A handy library for improved clarity when debugging in development environments. PHP juniors will probably find this especially helpful
whoops is a nice little library that helps you develop and maintain your projects better, by helping you deal with errors and exceptions in a less painful way.
Deliberately disingenuous post title aside, this is some very clever stuff.
I would very much like to try making the line breaking element a pseudo-element.
While working on a project early last year, I quickly became frustrated having to re-calculate the margins between menu items in my full-width footer nav each time the client requested a new link in the menu.
Thinking about how “justified” text in Microsoft Word fills the entire width of the line by creating even word spacing, I wondered if the same principle could be applied to a menu of text links in HTML. Knowing that ‘text-align: justify’ was a long established CSS property (the descendent of HTML 4 attribute align=”justify”), I did some Googling for answers.
In its natural state, ‘text-align: justify’ will not work unless the contents of the line are long enough to cause a line-break. Otherwise, the text remains left aligned. Incase you’re wondering why this is, it’s because in a typesetting situation this is the desired behavior - the final line of a block of justified text is always left aligned. Perhaps this was an oversight when the CSS spec was designed, but even if we only have one line of text, that one line still behaves like the final line.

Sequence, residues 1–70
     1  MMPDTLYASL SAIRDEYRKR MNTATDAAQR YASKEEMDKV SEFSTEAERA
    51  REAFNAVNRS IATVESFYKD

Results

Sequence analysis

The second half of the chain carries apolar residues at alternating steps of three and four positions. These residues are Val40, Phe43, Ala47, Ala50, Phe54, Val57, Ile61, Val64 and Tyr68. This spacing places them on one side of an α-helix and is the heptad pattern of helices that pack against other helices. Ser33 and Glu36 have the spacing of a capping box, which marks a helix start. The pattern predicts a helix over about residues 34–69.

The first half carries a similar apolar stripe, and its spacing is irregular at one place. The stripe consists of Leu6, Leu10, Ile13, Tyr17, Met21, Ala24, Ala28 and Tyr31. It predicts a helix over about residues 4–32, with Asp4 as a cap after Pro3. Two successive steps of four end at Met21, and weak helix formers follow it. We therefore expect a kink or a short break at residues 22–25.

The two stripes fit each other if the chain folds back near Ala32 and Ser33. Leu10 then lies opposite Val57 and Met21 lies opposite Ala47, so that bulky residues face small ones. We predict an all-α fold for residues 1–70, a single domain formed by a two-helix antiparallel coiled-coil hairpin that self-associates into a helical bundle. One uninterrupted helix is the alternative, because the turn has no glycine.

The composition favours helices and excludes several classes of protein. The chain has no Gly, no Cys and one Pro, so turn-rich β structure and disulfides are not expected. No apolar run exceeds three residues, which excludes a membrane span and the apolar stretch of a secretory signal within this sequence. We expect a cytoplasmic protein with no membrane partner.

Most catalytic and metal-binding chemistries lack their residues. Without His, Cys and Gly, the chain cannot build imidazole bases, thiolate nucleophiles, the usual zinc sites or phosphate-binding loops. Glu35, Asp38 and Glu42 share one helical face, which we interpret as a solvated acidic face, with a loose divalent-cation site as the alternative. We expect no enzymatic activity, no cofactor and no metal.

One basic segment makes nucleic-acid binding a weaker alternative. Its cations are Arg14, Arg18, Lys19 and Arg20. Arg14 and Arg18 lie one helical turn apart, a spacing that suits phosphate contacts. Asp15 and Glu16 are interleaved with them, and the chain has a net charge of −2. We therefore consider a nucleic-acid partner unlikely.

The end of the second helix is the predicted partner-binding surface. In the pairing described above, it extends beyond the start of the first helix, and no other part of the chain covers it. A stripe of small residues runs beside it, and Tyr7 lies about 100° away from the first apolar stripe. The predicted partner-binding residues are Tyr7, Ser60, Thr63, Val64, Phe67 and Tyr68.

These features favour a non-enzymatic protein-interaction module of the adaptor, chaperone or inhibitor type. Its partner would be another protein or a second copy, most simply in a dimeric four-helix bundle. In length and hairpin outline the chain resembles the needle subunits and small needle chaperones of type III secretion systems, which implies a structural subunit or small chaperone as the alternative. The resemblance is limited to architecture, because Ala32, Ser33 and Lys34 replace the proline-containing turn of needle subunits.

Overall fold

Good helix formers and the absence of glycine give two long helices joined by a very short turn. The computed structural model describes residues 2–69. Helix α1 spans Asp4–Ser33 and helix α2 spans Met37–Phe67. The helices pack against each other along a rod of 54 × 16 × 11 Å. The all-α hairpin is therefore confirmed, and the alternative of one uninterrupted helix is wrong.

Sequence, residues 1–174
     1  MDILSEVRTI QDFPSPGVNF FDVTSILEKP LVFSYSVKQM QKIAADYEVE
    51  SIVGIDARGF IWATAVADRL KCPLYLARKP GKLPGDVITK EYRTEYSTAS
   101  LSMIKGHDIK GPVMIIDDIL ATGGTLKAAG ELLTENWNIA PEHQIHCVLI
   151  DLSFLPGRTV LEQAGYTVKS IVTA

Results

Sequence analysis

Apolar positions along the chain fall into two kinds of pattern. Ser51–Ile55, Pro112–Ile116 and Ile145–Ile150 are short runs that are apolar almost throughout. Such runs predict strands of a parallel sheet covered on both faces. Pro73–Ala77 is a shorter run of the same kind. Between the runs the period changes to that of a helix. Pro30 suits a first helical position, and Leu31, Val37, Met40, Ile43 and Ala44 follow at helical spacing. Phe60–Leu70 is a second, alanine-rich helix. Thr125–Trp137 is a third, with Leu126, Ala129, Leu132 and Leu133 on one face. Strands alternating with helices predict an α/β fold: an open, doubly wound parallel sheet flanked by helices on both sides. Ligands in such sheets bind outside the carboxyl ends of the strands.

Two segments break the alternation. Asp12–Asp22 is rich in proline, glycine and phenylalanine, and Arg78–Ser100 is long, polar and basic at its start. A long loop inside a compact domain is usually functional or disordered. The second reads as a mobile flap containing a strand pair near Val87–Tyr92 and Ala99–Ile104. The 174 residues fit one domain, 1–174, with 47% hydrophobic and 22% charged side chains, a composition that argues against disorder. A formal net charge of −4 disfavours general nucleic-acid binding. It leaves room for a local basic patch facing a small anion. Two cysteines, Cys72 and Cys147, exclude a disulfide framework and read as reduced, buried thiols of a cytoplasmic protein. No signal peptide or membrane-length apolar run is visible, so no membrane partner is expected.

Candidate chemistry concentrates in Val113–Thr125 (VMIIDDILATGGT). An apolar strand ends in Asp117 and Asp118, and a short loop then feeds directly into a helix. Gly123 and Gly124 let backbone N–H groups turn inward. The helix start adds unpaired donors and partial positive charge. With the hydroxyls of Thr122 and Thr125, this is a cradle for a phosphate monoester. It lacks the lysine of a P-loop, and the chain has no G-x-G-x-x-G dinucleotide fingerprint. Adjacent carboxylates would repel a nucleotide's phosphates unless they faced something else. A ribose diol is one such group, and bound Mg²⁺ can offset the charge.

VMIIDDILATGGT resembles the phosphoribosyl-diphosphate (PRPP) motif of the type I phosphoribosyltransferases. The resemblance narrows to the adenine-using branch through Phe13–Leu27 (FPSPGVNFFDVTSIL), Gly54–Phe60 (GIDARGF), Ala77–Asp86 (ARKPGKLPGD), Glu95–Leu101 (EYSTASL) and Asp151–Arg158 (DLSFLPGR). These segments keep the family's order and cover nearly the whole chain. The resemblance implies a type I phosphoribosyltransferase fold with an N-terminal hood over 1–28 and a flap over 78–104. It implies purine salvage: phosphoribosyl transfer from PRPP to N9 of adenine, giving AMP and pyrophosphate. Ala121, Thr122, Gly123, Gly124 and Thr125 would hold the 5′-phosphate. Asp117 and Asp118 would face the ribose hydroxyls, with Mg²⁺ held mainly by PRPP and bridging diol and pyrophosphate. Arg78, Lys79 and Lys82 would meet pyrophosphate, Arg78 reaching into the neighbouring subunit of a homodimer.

It took me a few tries, but we can solve this problem by giving 100% width to an invisible inline element at the end of the line (shown in purple for demonstration purposes). As this “break” element is too wide to share a line with anything else but itself, it causes a line-break, thus becoming the final line, and forces the words before it to justify.
Text-align: Justify and RWD
Ever wondered how those key files in
~/.ssh actually work? How secure are they actually?
As you probably do too, I use ssh many times every single day — every
git push, every deploy, every login to a server. And recently I realised that to me, ssh was just some crypto voodoo that I had become accustomed to using, but I didn’t really understand. That’s a shame — I like to know how stuff works. So I went on a little journey of discovery, and here are some of the things I found.